Countering bullies in the workplace



According to Dr Gillian Mooney, teaching and learning manager at The Independent Institute of Education, bullying is not limited to the playground but can also be found in the workplace, which severely damages careers every year and victims should not accept this behaviour from colleagues but rather incorporate various counter-steps.

“Workplace bullying is the consistent and repeated mistreatment of one employee by another,” said Mooney. She also explained that workplace bullying affects teams, divisions and the company as a whole. She added that bullying can heighten stress levels, lead to poor concentration, breakdowns, depression, compromised memory and even post-traumatic stress syndrome.

“[Victims] may suffer from chronic fatigue syndrome, lowered resistance to colds and flu, high blood pressure, migraines, hormonal disturbances, thyroid problems, skin irritations, stomach ulcers and substance abuse,” she added. Toxic team members are also said to decrease productivity levels and organisational health, due to increased absenteeism and staff turnover.

Read Video of King Edward VII School learners bullying incident goes viral

Mooney also suggested that more mishaps, bad service and decreased motivation are likely to occur. Workplace bullying also affects those who witness it. “A researcher in the UK, Dr Charlotte Rayner, found that almost a quarter of people who witness workplace bullying will search for new employment,” Mooney explained.

Legitimate and constructive criticism is a positive method to improve productivity but workplace bullies may demand unreasonable tasks, use verbal abuse such as cursing, shouting, gossiping and constant undermining of the target. “A workplace bully may use tactics such as intimidation, degradation, isolation and humiliation,” explained Mooney.

Mooney offers these steps for employees to address bullying in the workplace:

  • If you are unsure of the difference between constructive criticism and bullying, ask a co-worker you trust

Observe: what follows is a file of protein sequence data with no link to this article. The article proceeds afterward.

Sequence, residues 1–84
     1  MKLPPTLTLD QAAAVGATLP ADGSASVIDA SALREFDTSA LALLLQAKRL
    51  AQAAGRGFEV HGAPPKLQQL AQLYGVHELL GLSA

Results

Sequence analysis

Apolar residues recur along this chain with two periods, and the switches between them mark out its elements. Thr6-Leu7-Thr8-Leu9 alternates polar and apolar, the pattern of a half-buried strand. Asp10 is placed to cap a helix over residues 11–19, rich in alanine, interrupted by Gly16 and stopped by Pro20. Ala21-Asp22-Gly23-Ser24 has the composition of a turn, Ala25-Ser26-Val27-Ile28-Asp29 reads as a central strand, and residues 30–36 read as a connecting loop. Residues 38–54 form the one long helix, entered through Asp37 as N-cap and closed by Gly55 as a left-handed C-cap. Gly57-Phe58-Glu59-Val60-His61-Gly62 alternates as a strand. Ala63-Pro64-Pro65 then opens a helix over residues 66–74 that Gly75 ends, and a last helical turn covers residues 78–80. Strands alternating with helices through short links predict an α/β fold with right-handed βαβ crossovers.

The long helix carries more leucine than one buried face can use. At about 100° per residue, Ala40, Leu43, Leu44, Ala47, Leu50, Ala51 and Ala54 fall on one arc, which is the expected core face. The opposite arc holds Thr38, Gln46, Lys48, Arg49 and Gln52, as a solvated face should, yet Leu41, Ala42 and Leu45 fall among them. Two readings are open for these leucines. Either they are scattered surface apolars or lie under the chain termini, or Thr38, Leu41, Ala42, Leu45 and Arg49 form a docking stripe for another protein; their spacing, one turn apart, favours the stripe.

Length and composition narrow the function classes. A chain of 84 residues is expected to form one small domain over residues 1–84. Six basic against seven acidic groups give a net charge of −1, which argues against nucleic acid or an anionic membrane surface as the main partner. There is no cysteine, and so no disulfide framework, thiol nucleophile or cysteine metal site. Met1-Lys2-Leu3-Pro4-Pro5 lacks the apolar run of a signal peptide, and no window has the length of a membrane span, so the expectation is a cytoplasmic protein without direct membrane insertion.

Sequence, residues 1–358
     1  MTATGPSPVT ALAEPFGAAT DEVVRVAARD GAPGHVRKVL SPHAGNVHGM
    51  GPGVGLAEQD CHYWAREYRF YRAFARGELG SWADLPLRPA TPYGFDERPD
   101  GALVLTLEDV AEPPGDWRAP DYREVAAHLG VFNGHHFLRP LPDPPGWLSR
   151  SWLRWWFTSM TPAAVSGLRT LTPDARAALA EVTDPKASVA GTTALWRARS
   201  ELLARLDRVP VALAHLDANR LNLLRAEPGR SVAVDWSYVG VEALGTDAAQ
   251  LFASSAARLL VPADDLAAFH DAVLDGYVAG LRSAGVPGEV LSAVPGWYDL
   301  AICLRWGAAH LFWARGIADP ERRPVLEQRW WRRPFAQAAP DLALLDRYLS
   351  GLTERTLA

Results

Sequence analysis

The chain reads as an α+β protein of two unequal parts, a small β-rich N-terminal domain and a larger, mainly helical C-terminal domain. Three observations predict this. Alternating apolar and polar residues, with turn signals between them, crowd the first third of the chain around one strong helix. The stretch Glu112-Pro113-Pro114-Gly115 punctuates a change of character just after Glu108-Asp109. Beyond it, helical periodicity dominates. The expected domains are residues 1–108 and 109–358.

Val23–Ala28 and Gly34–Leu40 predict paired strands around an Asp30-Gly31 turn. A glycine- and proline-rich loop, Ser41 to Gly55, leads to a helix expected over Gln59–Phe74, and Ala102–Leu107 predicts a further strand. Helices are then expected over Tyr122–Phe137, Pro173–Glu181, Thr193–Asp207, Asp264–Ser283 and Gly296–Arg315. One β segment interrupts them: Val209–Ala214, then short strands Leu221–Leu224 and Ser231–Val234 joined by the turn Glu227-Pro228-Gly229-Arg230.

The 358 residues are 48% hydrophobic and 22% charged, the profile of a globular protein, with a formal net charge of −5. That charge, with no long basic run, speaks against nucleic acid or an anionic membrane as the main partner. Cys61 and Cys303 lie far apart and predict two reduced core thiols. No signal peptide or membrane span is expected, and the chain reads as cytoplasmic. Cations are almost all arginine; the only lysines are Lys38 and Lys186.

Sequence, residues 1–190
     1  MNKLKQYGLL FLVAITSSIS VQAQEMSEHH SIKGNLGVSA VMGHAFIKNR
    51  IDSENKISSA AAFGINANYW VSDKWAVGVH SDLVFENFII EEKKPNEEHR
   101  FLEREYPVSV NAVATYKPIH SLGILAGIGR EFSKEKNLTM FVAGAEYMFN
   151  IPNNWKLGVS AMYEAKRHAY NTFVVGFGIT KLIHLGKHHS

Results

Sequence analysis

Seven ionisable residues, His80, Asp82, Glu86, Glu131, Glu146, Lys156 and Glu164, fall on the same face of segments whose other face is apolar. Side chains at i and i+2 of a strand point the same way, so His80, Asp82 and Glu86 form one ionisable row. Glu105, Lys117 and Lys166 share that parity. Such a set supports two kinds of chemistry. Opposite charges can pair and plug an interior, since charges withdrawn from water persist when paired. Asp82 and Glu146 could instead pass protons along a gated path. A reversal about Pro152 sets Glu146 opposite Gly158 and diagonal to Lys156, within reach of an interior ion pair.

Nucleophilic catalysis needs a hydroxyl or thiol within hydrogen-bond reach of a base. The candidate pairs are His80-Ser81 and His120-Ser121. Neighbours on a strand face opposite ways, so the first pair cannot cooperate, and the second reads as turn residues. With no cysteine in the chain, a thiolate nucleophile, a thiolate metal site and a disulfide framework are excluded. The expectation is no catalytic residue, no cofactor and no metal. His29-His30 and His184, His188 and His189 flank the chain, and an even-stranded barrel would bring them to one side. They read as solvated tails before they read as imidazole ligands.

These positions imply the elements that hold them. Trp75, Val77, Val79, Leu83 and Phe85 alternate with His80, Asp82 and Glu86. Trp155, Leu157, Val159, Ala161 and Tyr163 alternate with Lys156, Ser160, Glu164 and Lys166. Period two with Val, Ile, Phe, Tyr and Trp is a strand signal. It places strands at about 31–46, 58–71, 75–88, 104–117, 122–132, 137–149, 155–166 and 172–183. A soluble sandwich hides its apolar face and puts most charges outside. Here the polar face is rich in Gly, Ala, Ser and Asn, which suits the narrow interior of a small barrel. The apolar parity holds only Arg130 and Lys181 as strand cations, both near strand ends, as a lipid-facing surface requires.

• Speak to a colleague who has been working with the organisation for a long time as he/she may have greater knowledge of the company’s policies and procedures
  • If you are falling victim to bullying and feel miserable about going to the office every day, address the matter as a priority
  • Keep a log of all incidents including dates, times and context. Thereafter, approach your manager or HR department with your concerns and evidence
  • If your attempts are unsuccessful, leaving the toxic environment is a legitimate course of action and should not be considered as running away. Before resigning, consult a lawyer with regards to your rights.

Read Say ‘NO’ to bullying

“The problem will not go away on its own, and you can’t spend your days, months and years tolerating the intolerable. Ultimately, it is not only your career that will suffer, but also your health, your well-being and even your family,” concluded Mooney.

Edited by Beryl Knipe

If you have fallen victim to workplace bullying, let us know what helpful steps you took to address the issue by emailing the Rosebank Killarney Gazette on [email protected]

Nikita Fernandes

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